Genealogists face a similar responsibility. As we collect information on our ancestral families, we feel the pressure to be certain they are not forgotten. We put together pieces of information gathered from long-forgotten records. Using that information, we are able to pull together stories of their lives. And by doing so, we are able to bring them to life again.

Knowing these stories can have a big impact on our lives. Understanding where we came from can certainly give us a greater understanding of our immediate family, as well as greater insight into ourselves. This is a great gift that we can also give to future generations.

By caring for these stories, preserving them, and passing them on to family members, we can help our descendants to know themselves better. And we can make sure that the stories of our ancestors are not lost for future generations.

Much like the Balanchine Plant cuttings, it is a great honor to not only receive the stories of our ancestors, but to pass them on as well. Thirty years after his death, Balanchine is still having an impact. Sharing your family’s story is one way to ensure that decades after you have passed, your descendants will still know their history.

Genealogy News and Blog Posts, November 21, 2014

21 Nov 2014

This week’s roundup of stories starts with a Medieval cat story, takes us to the Civil War, a discussion of taphophiles, and award-winning county clerk, and the different languages spoken in the United States. I hope you find them as interesting and informative as I do.

We all know that the Internet was created just so everyone can share cat pictures and videos, and an entire industry could popup around Grumpy Cat. Back in July 2011 a researcher at the University of Sarajevo was working with a fifteenth-century manuscript. As he moved through the volume, he came upon something quite surprising. A cat had clearly walked through ink and then stepped onto the pages, leaving its pawprints behind. He snapped an image, which has recently started making the online rounds. Read more of the story in Curious Cat Walks Over Medieval Manuscript.

 

Medieval Cat

 

USA Today recently ran an interesting piece on families connecting themselves back to the Civil War. Gloria Ramsaur has conducted guided tours of the McGavock Confederate Cemetery in Franklin, Tennessee. Many of those who fell at the Battle of Franklin are buried there, but she had no idea that her great-great uncle was killed at the battle. 97-year-old Maurice Johnson remembers as a young boy the many times he walked down to the general store. His mission was to collection the pension that was still being paid out for his grandfather’s service during the war; service which included the Battle of Franklin. Read more in Families Uncover Civil War Drama, 150 Years Later.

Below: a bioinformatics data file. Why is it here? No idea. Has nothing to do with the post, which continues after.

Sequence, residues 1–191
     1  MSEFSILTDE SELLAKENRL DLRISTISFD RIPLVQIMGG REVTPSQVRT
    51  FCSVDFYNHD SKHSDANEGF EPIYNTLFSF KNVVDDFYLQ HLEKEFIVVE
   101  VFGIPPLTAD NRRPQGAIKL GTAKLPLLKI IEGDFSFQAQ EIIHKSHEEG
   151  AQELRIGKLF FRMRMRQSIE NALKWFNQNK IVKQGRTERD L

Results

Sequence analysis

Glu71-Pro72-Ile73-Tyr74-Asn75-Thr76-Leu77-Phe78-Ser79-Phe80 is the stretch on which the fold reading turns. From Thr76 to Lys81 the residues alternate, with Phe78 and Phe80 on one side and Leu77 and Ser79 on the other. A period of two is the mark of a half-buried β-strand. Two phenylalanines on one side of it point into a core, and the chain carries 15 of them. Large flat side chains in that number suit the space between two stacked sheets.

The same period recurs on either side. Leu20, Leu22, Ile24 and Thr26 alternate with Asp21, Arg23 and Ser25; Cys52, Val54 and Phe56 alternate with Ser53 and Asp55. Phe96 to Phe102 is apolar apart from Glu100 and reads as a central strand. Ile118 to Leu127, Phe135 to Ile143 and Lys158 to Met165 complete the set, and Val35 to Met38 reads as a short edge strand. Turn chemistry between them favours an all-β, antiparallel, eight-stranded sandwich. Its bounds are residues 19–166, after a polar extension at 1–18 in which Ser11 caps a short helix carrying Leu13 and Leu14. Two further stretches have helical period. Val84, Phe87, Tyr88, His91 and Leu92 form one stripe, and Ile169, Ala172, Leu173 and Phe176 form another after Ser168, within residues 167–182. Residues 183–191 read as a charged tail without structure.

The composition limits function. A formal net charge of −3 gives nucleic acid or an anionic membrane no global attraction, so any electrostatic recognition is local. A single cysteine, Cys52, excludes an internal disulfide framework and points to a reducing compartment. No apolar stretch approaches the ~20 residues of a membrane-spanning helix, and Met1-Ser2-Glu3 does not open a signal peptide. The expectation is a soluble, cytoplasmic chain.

New York Newsday ran a terrific piece this week about “taphophiles.” These are individuals who love and appreciate cemeteries for their beauty, and promote them as destinations. This is especially important as older cemeteries, even the large ones, are filling up. They must find new ways to bring in revenue, and taphophiles are helping them. Read more in History, Landscaping, Architecture: Tales Told in NYC’s Cemeteries.

The McKinney Courier-Gazette reported this week on a remarkable achievement for the clerk’s office in Collin County, Texas. In an age where we are used to clerks making access difficult for researchers, the clerk and her staff were presented with the 2014 Best Practices Award from the national Association of County Recorders, Elections Officials and Clerks. They received the award for a project which provides online research tools for those search for their family in Collin County. Read more in Collin County Clerk Office’s ‘Genealogy Corner’ Gets National Recognition.

Slate published some interesting maps awhile back that show the languages spoken in each of the states. With the exception of seven states, the most popular language in every state was Spanish. In Hawaii, it is Tagalog; in Alaska, Yupik; In North Dakota, German; and in Louisiana, Maine, New Hampshire, and Vermont, it is French. It gets much more interesting when one discounts both English and Spanish. Check out these maps and more in What Language Does Your State Speak?

Nineteenth Century Facial Hair Fashions

19 Nov 2014

November has come to be known in recent years as Movember, a month where men grow moustaches and other facial hair to raise money to promote awareness of men’s health issues. It started in Australia in 2003 with a group of 30 individuals, and over the last decade has grown into a worldwide movement that has seen more than 4 million participants raising almost US $560 million. Even with the availability of razors, trends of being clean-shaven and wearing facial hair have changed through the years.